According to research, vitamin D deficiency is linked to a significantly increased risk of Alzheimer’s disease and dementia in elderly individuals.
Prior studies have confirmed that individuals with low vitamin D levels are more inclined to go on to encounter cognitive problems, but this research shows that this results in a significant increase in the risk of dementia and Alzheimer’s disease.
The team of researchers discovered that severely Vitamin D deficient individuals had more than double the risk of developing Alzheimer’s disease and dementia.
The researchers discovered that moderately vitamin D deficient study participants had a 53% increased risk of developing dementia of any kind, and the risk increased to 125% in severely deficient individuals.
The moderately deficient vitamin D group had a 69% increased risk of developing Alzheimer’s disease, with a 122 % increased risk for individuals severely vitamin D deficient.
The researchers studied 1,658 individuals aged 65 and older, who had been capable of walking unaided and were dementia, stroke and cardiovascular disease free at the beginning of the study. They were then observed for 6 years to determine who proceeded to develop Alzheimer’s disease as well as other types of dementia.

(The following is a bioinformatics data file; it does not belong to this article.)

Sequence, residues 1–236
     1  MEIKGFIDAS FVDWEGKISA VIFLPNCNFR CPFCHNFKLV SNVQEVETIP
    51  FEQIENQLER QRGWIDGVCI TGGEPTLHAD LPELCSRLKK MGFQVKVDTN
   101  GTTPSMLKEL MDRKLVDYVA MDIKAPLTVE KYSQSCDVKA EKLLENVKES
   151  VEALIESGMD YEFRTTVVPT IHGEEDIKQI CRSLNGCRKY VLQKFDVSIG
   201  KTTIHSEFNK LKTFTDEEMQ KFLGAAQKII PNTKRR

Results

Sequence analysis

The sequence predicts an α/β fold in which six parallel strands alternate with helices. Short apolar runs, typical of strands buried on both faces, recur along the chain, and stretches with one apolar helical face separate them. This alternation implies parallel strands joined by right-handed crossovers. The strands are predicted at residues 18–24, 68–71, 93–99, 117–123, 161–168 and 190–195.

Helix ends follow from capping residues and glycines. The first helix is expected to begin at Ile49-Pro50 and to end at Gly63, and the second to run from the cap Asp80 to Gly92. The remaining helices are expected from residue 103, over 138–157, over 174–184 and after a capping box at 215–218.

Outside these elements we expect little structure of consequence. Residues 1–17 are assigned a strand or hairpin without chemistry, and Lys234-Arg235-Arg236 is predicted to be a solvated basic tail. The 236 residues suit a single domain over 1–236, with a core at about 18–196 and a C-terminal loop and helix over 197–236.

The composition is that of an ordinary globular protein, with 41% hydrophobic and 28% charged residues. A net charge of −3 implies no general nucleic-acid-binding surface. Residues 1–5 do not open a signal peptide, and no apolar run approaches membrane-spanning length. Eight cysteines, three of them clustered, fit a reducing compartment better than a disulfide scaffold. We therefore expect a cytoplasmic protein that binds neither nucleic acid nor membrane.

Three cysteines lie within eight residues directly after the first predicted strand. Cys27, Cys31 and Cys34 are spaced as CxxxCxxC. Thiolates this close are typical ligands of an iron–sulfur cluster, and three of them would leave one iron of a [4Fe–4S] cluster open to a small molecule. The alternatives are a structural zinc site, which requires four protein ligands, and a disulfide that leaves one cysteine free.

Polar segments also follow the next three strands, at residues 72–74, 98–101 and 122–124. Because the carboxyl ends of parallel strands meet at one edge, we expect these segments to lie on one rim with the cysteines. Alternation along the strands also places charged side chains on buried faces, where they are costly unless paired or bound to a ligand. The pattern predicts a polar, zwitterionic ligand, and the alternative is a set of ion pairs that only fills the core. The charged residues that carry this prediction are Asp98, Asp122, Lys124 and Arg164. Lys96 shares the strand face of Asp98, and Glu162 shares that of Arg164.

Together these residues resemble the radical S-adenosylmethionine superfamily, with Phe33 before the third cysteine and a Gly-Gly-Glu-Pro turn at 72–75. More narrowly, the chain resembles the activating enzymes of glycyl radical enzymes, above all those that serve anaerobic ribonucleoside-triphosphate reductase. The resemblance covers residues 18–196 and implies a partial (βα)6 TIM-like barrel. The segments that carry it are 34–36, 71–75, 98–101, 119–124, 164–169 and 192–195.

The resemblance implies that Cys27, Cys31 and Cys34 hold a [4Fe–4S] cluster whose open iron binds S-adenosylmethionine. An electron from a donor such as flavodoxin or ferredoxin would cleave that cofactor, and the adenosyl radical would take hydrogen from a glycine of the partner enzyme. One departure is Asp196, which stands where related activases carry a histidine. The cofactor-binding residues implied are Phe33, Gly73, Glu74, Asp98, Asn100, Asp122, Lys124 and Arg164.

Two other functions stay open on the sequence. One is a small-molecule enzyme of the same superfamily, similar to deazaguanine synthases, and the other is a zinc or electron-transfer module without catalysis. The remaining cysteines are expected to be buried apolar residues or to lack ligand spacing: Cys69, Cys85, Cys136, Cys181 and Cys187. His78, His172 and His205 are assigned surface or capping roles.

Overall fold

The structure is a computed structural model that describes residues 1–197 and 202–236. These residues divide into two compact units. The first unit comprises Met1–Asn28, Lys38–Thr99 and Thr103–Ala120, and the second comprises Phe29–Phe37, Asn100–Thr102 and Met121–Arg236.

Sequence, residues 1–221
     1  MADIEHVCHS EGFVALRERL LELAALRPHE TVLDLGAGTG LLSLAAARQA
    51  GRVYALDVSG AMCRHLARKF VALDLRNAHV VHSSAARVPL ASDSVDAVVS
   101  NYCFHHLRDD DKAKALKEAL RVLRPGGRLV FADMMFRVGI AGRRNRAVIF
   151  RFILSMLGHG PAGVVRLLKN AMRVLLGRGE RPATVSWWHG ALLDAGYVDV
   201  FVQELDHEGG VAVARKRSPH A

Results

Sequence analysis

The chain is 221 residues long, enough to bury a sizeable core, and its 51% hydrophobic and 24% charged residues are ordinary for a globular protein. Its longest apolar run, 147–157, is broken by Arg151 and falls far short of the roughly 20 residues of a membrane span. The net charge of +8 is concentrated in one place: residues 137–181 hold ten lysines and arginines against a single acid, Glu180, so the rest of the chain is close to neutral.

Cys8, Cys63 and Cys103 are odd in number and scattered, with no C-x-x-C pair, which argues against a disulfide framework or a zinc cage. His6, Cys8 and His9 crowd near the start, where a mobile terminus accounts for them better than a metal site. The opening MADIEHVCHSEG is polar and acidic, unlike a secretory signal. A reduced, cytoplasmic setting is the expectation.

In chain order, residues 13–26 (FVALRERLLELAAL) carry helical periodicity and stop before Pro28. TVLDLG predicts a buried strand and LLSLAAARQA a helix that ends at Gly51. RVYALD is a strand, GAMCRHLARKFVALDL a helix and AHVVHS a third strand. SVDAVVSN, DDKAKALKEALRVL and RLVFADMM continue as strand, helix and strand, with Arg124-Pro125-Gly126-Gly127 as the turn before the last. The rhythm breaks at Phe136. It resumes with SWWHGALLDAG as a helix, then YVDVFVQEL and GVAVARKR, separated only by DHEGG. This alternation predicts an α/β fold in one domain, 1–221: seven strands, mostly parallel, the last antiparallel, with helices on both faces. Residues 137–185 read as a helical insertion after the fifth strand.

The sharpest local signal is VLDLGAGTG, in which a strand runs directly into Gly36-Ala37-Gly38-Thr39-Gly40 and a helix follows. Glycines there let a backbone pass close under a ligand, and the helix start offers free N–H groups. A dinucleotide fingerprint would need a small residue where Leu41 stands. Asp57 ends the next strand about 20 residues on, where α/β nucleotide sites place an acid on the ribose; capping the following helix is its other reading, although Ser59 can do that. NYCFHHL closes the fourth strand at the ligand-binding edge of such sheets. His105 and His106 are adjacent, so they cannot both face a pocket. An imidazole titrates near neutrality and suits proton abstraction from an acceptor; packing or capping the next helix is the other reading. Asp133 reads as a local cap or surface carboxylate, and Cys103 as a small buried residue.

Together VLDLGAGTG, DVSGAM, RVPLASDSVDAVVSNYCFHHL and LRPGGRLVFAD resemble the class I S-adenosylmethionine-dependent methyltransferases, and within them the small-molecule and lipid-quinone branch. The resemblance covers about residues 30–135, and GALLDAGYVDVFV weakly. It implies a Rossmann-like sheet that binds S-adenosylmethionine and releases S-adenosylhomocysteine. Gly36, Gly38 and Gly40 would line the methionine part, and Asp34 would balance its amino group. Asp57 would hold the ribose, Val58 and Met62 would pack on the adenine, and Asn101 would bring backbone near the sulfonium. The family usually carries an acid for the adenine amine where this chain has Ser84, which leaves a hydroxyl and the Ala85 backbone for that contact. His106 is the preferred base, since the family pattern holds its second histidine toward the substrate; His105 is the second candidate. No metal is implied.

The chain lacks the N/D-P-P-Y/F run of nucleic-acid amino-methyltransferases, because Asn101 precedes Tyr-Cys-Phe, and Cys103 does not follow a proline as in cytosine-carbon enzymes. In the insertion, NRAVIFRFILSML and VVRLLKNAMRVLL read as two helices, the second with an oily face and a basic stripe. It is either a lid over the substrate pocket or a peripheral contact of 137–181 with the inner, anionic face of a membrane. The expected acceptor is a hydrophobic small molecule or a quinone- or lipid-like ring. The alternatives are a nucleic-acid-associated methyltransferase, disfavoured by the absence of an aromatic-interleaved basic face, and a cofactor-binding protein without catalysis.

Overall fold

Dementia is one our biggest issues, with 44 million worldwide cases, an amount expected to increase threefold by 2050 as a result of the aging population. A billion people around the world are believed to have low vitamin D levels and many elderly individuals can have poorer health because of this.
Vitamin D is derived from 3 main sources – sunlight exposure, supplements and foods like oily fish. The skin of older individuals can be more inefficient at converting sunlight into Vitamin D, which makes them more prone to deficiency and reliant on other sources. In a lot of countries UVB radiation levels in winter aren’t high enough to allow production of vitamin D.
Evidence was also found that there’s a threshold level of Vitamin D in the blood below which the risk of Alzheimer’s disease and dementia increases. The researchers had earlier hypothesized that this may be in the region of 25-50 nmol/L, and the new results confirm that vitamin D levels above 50 nmol/L have the strongest association with good brain health.